• Is it uncomfortable when dental implants are placed?
    Most patients will be very familiar with the dental anaesthetics used for routine dentistry and will know how effective they are. Implants are placed using the same anaesthesia. Depending upon the complexity of your case, the operation might take anything from 30 minutes for a single implant, to several hours for complex bone grafting and multiple implant placements. Since the surgery normally involves exposing the bone in the area where the implant and/or bone graft is to be placed you can expect some minor swelling and occasionally bruising afterwards. For most patients, any of the simple painkillers you might take for a headache will be all that is needed for a few days. If you experience more discomfort than this, contact your treatment provider who can prescribe a stronger medication. Healing is generally uneventful and any stitches are removed two weeks later. During the first few days you should report any unexpected levels of pain or swelling so that it can be assessed. If in doubt always ask for advice, as early detection of a problem will often lead to a simpler solution. You may also be asked to take a course of antibiotics and to follow some simple procedures such as rinsing with salt water or an antiseptic mouthwash. It is important that you carry out these instructions.
  • Bone grafting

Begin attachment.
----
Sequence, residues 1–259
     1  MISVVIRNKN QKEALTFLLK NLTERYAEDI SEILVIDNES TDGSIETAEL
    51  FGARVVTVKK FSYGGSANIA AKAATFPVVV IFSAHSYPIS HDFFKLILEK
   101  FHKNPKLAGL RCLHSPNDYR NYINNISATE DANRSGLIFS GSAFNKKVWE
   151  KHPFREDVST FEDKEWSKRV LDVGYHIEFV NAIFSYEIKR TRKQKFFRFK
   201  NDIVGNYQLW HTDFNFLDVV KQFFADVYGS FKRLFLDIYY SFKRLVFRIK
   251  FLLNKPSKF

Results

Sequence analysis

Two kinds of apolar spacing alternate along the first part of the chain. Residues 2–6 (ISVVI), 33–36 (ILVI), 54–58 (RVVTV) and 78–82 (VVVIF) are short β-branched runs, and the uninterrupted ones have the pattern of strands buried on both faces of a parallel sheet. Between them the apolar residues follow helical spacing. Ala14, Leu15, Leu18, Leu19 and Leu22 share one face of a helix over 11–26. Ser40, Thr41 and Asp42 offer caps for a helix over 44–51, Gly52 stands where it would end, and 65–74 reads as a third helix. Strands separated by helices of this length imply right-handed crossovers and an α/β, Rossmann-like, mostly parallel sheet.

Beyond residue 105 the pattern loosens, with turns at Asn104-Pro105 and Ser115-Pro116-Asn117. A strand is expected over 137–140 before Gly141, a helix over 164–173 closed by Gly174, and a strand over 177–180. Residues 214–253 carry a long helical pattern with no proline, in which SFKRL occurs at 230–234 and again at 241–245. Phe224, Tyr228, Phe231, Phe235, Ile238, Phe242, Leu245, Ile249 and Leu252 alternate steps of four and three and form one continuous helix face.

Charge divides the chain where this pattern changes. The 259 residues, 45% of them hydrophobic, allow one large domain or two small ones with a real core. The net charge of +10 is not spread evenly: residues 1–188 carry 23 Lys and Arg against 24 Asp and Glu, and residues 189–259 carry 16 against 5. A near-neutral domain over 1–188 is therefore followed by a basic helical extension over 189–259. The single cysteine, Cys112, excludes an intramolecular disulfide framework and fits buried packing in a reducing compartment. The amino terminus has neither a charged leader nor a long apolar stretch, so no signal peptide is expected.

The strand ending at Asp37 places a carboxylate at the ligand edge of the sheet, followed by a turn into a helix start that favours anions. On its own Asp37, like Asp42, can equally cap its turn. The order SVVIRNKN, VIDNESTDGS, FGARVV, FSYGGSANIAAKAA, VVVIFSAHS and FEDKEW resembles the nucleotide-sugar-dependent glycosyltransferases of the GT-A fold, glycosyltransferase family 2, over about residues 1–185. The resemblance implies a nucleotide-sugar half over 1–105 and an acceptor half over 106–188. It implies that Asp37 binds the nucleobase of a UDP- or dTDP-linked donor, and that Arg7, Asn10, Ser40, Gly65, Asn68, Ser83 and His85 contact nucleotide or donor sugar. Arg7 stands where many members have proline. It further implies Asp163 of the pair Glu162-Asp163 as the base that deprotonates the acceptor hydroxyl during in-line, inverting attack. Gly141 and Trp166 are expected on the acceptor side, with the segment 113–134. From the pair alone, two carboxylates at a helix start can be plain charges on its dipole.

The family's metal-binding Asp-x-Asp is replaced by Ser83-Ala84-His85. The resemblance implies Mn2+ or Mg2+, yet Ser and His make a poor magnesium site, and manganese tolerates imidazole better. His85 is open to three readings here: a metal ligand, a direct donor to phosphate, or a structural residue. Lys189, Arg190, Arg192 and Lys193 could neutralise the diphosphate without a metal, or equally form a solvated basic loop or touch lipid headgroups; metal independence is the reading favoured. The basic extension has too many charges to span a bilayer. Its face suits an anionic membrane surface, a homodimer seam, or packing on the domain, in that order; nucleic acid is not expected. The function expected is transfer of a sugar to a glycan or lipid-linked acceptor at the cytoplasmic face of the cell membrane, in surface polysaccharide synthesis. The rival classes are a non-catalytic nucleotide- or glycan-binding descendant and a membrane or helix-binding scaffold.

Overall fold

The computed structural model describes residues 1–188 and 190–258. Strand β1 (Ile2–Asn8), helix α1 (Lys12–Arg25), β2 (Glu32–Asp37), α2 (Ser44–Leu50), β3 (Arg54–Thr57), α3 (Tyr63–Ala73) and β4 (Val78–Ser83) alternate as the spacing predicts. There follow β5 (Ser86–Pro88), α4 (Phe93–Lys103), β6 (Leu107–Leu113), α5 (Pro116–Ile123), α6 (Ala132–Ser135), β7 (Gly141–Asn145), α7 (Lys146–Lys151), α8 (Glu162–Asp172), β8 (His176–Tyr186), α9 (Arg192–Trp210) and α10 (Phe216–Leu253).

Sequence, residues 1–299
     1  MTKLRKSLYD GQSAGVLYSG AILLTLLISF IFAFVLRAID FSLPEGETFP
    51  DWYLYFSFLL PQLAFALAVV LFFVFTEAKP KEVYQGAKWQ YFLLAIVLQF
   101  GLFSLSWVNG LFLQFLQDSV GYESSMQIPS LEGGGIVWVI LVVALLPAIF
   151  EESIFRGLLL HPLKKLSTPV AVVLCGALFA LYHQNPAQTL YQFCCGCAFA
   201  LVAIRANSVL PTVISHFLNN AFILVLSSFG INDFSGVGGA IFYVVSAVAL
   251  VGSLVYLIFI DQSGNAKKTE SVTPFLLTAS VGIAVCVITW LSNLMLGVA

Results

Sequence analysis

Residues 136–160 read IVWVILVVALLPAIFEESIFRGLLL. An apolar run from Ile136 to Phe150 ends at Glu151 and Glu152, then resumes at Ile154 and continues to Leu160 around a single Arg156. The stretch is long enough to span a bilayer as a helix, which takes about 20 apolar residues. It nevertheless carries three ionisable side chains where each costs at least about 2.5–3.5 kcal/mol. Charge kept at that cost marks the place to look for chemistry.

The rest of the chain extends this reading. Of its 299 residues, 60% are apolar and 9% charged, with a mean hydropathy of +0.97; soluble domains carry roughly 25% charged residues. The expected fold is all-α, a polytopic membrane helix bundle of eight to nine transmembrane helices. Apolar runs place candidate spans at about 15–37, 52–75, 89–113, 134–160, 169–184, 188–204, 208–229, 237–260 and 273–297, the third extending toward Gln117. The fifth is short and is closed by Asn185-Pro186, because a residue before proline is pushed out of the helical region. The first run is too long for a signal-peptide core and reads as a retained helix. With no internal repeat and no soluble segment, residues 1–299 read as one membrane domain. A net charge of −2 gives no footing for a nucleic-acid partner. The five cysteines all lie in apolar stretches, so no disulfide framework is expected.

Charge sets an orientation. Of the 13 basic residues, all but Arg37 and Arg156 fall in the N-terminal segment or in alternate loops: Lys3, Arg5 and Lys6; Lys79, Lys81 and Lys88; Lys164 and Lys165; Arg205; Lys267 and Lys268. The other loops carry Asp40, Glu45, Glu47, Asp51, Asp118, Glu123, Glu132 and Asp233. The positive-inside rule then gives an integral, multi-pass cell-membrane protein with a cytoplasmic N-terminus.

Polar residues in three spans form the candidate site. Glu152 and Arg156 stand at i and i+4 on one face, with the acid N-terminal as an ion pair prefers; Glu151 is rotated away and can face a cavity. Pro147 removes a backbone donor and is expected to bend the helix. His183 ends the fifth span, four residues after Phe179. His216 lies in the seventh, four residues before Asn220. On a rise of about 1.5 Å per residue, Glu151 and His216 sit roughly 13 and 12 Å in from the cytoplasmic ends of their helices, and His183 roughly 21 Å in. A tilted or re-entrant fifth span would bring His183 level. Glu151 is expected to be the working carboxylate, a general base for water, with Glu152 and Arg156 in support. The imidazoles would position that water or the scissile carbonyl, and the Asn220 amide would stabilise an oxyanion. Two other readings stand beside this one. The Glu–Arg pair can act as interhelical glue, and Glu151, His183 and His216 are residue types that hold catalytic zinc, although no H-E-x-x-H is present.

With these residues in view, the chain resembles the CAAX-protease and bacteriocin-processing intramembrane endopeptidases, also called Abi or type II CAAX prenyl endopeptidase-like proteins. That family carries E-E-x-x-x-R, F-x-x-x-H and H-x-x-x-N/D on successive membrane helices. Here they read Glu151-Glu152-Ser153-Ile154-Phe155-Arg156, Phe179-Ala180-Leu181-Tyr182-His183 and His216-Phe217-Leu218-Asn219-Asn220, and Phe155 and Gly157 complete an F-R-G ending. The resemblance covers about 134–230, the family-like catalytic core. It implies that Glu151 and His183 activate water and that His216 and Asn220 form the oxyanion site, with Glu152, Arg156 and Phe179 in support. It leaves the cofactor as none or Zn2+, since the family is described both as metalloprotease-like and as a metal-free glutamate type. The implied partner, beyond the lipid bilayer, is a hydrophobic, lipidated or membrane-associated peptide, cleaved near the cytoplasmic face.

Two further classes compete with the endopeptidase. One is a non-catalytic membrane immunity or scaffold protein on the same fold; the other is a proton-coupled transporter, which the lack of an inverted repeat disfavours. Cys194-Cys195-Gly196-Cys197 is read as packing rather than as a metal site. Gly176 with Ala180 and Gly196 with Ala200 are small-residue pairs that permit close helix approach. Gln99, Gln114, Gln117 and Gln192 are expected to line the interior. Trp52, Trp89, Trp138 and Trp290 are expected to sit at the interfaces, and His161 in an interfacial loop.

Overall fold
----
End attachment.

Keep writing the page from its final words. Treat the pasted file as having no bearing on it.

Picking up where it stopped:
Increasing bone with Geistlich Bio-Oss®/Geistlich Bio-Gide® This explanation sheet describes the material characteristics of Geistlich Bio-Oss® and Geistlich Bio-Gide®. It should be read together with other information you receive from your dentist for your planned treatment. It will assist you in giving your informed consent to the treatment. Why is an explanation necessary? There are numerous materials that are currently available for increasing bone. Your dentist must inform you about the alternative treatment methods and the materials that are available. Geistlich Bio-Oss® Bone replacement material 1. What are the reasons for using Geistlich Bio-Oss®? In your particular case, you do not have enough of your own bone available for the dentist to be able to stabilise a tooth to securely anchor a dental implant. Geistlich Bio-Ossc® will be used to increase your own bone, thus providing the dentist with an adequate amount for the procedure you require. 2. What is Geistlich Bio-Oss®? Geistlich Bio-Oss® is a bone replacement material that is used to increase the body’s own bone. Geistlich BioOss® is composed of the hard, mineral portion of natural bone and has a structure very similar to that of a human bone. It is therefore well accepted by human bone tissue and serves as a guiderail for the new bone growth. The starting material is carefully inspected bovine bone that has undergone treatment with patented processes for purification and sterilisation. Included amongst these processes is the treatment of Geistlich Bio-Oss® at high temperature for more than 15 hours, after which it is highly purified and finally sterilised. In certain procedures, Geistlich Bio-Oss® collagen is used for regenerating bone. This product is the same as the Geistlich Bio-Oss® described above, but has highly purified natural collagen fibres added to it. The collagen is obtained from pigs. 3. What is the function of Geistlich Bio-Oss®? Geistlich Bio-Oss® is a solid scaffold which serves as a guiderail to allow new bone to grow. This scaffolding material enables and facilitates bone formation in the area where the operation is performed. It is inserted into the operation area in the form of grains or small blocks. Your own bone slowly grows in the Geistlich Bio-Oss® material, which at a later time is gradually broken down by the body. 4. Are there alternatives? As an alternative to Geistlich Bio-Oss®, one can use the body’s own bone, which is taken from a different location, for example the chin or hip. However, this procedure requires additional anaesthesia. Once the bone sample is removed from its original site it is then inserted into the operation area. In this procedure, the following must be considered: There is now a second area of operation, which may be associated with additional pain or loss of sensitivity. It is possible that the amount of the newly gathered bone will not be adequate for the intended purposes. Geistlich Bio-Gide® Collagen Membrane 1. What is Geistlich Bio-Gide®? Geistlich Bio-Gide® is a membrane made of collagen that is generally used to cover the bone replacement material. 2. What is the function of Geistlich Bio-Gide®? It has been proven that better healing rates are achieved when the Geistlich Bio-Oss® particles are covered with a membrane (Geistlich Bio-Gide®). Because the tissues of the gum grow more rapidly than the new bone, the membrane protects the Geistlich Bio-Oss® particles from this faster growing connective tissue. This ensures that the underlying bone can heal in an undisturbed fashion. 3. What is Geistlich Bio-Gide® made from? Geistlich Bio-Gide® is composed of highly purified natural collagen obtained from pigs. 4. Does the Geistlich Bio-Gide® membrane have to be removed in a second procedure? No. The collagen membrane becomes completely broken down by the body, hence a further operation to remove it is unnecessary. Are there any